Here at BGGA we strive to create the simplest, most direct path to student improvement possible given we are playing a sport with ever changing environmental factors and numerous variables. Creating a blueprint for a student is crucial to their development. Reaching your goals in golf can be challenging task but if you have a blueprint or road map, one that you understand and truly believe in, you can rest assured that even on the days when you are not performing your best, you are on the correct path to reach your goals.
In order to establish the blueprint, we need to have collect enough data to analyze the strengths and weaknesses of a player. This is a 4 or 5-day process. We use a combination of observing and recording the different skills we want to measure as well as using technology. I am a big believer in technology. That can scare people at times and sounds complicated and lead to too much information. Technology has never given a lesson, nor has it in itself ever helped a student or hurt a student. Technology in the wrong hands can be a disaster. In the right hands, it can help the coach get the most specific information possible, eliminating trial and error and guesswork. This actually allows the student to spend more time on the golf course as opposed to being a range rat and trying this and that on the range, searching for a swing thought. Put another way, the information is for the coach, not the student. I have personally used Trackman and assessed a PGA tour player in 3D, hooking him up with sensors with multiple wires coming out of them, looked at the data and literally only changed their posture. The assessments we use at BGGA to do this consist of the following:
1- putting assessment. We need to test to see how good one is at the skills needed to be a successful putter. These include starting the ball on the proper line, hitting the ball with the proper pace, and reading the green. Our overall putting assessment consists of three parts. This first is test players outside on the putting green hitting putts at various lengths. We have the student hit 5 putts from 3 feet, 6 feet, and 9 feet. However, one of the key points of this is where they putt from. Most people would hit their putts on the same hole, from the same spot and from north, south, east, and west around the hole. In our way of thinking, that doesn’t simulate real golf, what you experience on the golf course. We want to make it as realistic as possible. The student hits the putts from predetermined spots set out by us but they are on different holes and at different angles. So all of the 3 foot putts you hit, they will all be to a different hole. We then test your ability to make 15 putts breaking from left to right as well as right to left. The avg. PGA tour player makes less than 30% from this distance so the chances of us making it are even smaller however we want to see if they can match the proper speed to the line and see how they perform on these breaking putts from both sides of the hole. Next we test longer putts. We do this in two ways. We want to test the skill of lag putting so we hit five 45-foot putts and points are given if the ball comes to rest inside a certain predetermined distance. The next area tests the ability to two putt, no matter where the ball ends up, and their grit if you will. Naturally, we pick a different hole for this and a different distance as well.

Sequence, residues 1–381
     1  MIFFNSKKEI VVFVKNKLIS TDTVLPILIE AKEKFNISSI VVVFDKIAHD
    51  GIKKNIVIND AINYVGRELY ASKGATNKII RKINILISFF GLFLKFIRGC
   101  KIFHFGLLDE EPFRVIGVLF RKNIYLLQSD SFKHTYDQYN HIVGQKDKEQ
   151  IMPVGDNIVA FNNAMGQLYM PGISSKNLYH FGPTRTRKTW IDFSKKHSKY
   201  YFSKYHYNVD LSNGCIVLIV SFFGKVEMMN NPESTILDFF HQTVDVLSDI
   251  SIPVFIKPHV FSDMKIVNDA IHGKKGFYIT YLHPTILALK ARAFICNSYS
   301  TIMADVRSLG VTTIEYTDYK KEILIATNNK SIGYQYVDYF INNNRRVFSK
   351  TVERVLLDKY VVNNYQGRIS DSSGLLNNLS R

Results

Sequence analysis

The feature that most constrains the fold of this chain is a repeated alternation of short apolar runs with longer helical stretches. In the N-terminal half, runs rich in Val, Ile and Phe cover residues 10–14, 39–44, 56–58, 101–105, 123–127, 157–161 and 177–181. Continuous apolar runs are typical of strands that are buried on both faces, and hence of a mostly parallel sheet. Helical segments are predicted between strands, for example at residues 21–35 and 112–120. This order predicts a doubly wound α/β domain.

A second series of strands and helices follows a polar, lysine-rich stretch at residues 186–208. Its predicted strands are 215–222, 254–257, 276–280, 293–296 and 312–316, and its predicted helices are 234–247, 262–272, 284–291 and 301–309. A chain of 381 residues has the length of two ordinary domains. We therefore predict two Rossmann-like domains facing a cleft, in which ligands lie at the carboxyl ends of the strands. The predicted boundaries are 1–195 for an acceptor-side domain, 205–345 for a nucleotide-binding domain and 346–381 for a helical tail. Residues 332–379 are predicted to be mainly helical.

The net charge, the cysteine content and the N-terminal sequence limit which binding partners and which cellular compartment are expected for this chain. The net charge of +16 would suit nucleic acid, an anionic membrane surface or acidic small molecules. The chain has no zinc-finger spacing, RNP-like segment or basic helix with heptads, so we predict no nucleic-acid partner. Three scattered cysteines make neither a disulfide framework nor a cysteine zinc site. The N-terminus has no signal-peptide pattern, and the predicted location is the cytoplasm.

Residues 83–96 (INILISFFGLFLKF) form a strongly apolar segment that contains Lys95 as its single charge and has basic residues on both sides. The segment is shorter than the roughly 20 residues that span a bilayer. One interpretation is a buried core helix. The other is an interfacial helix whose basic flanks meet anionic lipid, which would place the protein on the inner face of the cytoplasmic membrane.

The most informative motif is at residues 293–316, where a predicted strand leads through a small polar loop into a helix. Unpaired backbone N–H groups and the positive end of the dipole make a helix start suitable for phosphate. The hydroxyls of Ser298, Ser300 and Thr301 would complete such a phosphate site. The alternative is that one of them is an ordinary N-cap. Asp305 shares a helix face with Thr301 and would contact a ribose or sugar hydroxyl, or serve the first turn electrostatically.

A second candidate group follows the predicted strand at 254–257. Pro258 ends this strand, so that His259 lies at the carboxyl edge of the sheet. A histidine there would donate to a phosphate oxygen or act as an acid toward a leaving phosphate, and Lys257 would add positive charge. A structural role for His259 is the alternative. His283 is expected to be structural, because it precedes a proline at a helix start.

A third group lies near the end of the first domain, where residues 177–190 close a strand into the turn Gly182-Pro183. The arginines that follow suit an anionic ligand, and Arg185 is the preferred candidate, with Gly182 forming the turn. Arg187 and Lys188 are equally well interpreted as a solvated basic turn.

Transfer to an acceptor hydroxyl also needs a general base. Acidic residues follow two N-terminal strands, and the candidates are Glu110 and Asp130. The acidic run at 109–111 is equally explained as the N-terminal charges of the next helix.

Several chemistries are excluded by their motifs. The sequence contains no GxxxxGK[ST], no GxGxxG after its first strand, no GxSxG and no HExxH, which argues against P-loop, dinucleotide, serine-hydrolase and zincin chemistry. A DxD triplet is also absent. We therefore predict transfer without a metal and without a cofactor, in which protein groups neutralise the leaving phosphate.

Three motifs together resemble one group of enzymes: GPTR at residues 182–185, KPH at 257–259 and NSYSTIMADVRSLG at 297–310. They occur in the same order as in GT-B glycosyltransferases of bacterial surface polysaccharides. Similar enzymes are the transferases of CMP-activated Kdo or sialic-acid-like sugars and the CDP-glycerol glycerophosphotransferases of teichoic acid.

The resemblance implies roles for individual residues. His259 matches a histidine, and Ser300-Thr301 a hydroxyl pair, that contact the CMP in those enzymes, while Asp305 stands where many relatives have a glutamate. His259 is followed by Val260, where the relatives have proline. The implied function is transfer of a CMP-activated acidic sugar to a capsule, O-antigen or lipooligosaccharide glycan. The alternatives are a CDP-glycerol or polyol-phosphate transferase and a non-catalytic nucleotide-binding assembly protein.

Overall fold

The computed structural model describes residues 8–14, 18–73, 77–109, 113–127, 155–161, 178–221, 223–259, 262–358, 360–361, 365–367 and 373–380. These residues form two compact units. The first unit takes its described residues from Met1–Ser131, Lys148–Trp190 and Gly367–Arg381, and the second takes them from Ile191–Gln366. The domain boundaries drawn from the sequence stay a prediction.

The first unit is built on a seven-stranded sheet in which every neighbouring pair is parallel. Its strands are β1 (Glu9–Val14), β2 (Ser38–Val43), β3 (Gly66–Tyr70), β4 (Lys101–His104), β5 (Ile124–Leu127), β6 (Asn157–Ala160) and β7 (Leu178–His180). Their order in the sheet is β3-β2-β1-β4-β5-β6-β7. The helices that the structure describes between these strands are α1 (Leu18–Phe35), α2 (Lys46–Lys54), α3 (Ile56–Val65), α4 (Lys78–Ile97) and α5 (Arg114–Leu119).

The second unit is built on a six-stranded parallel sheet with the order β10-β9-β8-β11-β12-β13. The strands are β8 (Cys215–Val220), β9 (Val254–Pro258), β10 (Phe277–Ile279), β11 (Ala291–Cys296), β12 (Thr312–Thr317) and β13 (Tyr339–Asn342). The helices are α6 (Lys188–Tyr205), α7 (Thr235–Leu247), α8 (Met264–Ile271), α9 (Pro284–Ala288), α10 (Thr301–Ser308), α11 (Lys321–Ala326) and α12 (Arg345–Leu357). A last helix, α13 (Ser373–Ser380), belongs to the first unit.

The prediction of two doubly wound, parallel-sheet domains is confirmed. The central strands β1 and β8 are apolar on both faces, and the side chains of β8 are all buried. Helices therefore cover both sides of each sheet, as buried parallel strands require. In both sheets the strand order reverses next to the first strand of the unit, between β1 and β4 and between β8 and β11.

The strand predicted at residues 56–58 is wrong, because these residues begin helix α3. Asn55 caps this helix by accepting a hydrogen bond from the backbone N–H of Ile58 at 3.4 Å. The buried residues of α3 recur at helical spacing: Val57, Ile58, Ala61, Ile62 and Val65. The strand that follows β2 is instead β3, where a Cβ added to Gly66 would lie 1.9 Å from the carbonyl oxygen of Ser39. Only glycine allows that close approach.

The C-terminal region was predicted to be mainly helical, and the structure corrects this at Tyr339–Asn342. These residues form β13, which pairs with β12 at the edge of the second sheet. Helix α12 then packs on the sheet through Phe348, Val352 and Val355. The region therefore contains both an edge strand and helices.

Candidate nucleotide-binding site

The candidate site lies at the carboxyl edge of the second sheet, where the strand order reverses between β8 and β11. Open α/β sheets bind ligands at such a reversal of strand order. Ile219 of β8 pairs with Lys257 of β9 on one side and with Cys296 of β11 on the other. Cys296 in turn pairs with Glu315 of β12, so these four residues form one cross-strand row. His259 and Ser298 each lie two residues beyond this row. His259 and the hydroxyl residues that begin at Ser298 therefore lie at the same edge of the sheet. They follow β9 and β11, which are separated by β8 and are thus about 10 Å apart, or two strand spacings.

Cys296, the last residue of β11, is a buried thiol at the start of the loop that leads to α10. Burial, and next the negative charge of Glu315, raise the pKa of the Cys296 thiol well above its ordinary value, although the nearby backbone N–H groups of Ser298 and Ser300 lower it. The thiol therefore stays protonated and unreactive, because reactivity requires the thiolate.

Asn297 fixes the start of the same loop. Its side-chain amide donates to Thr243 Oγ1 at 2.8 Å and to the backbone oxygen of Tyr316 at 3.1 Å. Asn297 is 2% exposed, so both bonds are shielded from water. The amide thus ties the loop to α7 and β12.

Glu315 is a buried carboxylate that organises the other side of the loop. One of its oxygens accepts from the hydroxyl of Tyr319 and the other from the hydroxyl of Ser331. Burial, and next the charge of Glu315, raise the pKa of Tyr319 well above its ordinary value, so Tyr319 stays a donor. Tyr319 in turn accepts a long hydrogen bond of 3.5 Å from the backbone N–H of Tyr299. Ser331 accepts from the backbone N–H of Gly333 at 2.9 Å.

2- Green reading- it is very rare to watch anyone practice their green reading. Only in recent years since the green reading system Aimpoint was introduced to the golfing world do I recall seeing anyone practice their green reading apart from during a lesson, and that doesn’t happen enough either. However, if you think Tiger Woods was the best putter in the world (or whoever you do think is), I can assure you they are the best green reader in the world. How else can you make that many putt? That is why we do a green reading assessment. The results are usually quite surprising…not in a positive way. Typically students are less skilled at reading the green than they think they are.
3- SAM putt lab- for those of you not familiar with Sam putt lab, it is a piece of technology that uses ultrasound to measure the putting stroke of the students. It measures 28 parameters of the stroke. The important ones are the ones that are challenging to see, even with high-speed video capturing 240 frames a second or more. They are the face angle, especially relative to the path the club is swinging on. While most people always want to work on the path of the stroke, it is actually the face angle at impact that determines approximately 90 % of where the ball starts bases on the loft of the putter. That means most of us spend most of our time working on what determines 10 % of the balls staring line. The path is the easiest to see, and has the most movement so it must be the most important…or so we think. The other important thing we can gather from this information is the tempo, speed and acceleration of the stroke. The ratio of the backswing to downswing and how the club accelerates (or doesn’t) are crucial to hit the ball on the proper line with the proper speed which are vital if you want to hole the all important yet difficult 10 -20 foot putts, the ones that they the winners make more of that particular tournament.